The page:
‘One question leads to another’ in ongoing criminal probe of county government

Special prosecutor hopes to wrap up investigation by early summer

In the words of one source, “one question leads to another” in the ongoing criminal investigation surrounding Rappahannock County government procurement practices.

Speaking this week on condition of anonymity, the source told the Rappahannock News that the probe, which was launched by the Virginia State Police in February 2017 and is now in the lap of Culpeper County Commonwealth’s Attorney Paul Walther, remains an ongoing “criminal investigation.”

“It is ongoing, one question leads to another,” said the source, referring to Walther’s investigation as “criminal” in nature.

Circuit Court Judge Jeffrey W. Parker signed a written order on Nov. 13, 2017 naming Walther as special prosecutor in the case. The appointment came after Rappahannock County Commonwealth’s Attorney Art Goff recused himself from the probe, telling the Circuit Court “that he is so situated with respect to the accused in this matter that it would be improper for him to act as Attorney for the Commonwealth in this case, and requested that a special prosecutor be appointed.”

Referring to Walther’s subsequent investigation, the source declined to say whether charges are likely in the case.

“If there is an indictment” it would be handed down by a regular grand jury, the source stated.

Walther, the source continued, hopes to wrap up the investigative phase of the case “within a month or two” and then present his findings.

Acting as a full-time prosecutor, a commonwealth’s attorney — similar to a “district attorney” in other states — represents the citizens of Virginia in prosecuting criminal matters. Often a commonwealth’s attorney will appoint one or more assistants to handle cases under his or her supervision.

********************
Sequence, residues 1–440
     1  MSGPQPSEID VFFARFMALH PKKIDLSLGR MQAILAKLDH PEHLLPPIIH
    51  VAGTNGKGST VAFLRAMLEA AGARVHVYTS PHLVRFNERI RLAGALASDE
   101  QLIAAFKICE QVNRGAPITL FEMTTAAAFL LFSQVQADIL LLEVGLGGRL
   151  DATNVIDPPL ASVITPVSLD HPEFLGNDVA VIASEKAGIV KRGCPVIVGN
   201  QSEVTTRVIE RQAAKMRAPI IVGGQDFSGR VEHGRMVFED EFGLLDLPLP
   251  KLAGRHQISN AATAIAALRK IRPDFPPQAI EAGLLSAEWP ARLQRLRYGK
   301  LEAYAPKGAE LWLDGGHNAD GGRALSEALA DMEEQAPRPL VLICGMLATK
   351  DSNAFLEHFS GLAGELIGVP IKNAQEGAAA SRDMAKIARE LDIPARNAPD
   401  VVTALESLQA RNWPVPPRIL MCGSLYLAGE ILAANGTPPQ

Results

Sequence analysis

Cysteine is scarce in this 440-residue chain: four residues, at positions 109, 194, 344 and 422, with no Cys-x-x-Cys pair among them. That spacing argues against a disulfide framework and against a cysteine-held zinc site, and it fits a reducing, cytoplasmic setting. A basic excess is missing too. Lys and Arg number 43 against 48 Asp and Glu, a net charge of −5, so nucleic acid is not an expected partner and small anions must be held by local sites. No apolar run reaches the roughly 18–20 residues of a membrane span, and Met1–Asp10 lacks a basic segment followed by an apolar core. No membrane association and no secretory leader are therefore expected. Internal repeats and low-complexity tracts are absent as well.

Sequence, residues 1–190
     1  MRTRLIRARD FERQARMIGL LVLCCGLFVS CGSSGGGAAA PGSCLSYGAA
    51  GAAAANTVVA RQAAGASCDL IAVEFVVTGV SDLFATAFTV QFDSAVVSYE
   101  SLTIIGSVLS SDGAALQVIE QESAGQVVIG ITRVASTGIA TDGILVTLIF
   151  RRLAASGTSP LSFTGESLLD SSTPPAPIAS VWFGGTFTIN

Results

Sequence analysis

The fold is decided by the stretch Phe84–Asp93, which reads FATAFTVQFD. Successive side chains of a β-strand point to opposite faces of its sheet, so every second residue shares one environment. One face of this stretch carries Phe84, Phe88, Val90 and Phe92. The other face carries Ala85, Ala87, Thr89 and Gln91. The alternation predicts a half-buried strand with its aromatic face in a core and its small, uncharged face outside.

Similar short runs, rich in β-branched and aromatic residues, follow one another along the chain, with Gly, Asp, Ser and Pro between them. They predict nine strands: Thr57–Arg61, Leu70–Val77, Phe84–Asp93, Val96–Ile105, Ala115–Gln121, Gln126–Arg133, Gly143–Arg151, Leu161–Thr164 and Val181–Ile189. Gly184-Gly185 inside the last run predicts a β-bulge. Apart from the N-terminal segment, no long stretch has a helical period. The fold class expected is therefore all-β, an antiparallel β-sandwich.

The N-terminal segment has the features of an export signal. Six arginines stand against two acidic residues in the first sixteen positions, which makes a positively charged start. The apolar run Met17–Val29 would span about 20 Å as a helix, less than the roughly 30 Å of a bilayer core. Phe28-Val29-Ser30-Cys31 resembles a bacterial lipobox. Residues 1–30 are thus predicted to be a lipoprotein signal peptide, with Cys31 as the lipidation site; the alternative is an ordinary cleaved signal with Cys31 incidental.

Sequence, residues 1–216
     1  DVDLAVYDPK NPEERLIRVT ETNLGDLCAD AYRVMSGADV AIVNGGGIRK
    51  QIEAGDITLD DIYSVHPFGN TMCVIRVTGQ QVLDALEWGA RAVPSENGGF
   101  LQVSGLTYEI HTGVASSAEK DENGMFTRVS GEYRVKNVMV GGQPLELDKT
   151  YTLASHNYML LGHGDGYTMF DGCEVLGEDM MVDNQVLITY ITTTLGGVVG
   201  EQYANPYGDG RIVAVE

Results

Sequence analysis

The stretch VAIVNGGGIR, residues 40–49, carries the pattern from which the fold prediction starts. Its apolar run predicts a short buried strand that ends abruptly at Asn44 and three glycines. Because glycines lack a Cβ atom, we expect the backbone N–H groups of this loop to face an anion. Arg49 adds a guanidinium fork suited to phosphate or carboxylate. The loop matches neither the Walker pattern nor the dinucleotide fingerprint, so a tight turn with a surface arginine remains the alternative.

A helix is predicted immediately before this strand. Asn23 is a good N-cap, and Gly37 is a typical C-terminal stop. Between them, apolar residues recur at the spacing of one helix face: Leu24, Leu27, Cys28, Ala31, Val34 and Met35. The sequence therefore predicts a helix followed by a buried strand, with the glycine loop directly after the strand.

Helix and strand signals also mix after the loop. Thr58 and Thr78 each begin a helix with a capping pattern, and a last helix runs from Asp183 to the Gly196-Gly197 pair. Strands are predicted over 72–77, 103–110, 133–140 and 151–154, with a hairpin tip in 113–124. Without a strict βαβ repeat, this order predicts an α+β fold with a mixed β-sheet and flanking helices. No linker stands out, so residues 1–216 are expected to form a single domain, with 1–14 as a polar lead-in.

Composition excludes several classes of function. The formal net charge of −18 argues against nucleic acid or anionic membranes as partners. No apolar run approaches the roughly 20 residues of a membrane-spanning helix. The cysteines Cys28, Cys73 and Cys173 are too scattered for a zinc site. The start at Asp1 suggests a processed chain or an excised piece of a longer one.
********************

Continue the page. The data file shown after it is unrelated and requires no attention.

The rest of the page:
The “mandatory” state police probe was launched in February of last year in the wake of a letter that same month from Rappahannock County Treasurer Debbie Knick to the Rappahannock County Board of Supervisors. Any such investigation is automatically triggered if there is suspicion of wrongdoing, intentional or not.

In the correspondence, the county treasurer cited instances where one or more employees failed to follow proper expense and payroll procedures, or else did not conduct sufficient oversight of budgeting and spending.

The investigation, state authorities said, examined spending and procurement activities beginning in 2016, with an eye toward possible misappropriation of funds by one or more Rappahannock County employees.

Virginia State Police Special Agent W.W. Talbert delivered the state’s findings to Goff in early September 2017. At that time, Talbert said the case would remain “open” until the commonwealth’s attorney decides to either prosecute or drop the charges.

Goff earlier this year also declined to answer whether appointing a special prosecutor, in this case Walther, meant that criminal charges are pending as a result of the Virginia State Police investigation.

“That’s up to the special prosecutor to determine,” Goff said.

Sgt. David Ostwinkle of the State Police Bureau of Legal Affairs described the general activity reported in Rappahannock County as “a misappropriation of public funds” and characterized potential damages or injuries as “currency embezzlement.”

Those connected with the case have declined to identify anybody who either might be targeted or are simply under scrutiny for carelessness.

— Patty Hardee contributed to this report

About John McCaslin 274 Articles
John McCaslin is the editor of the Rappahannock News. Email him at editor@rappnews.com.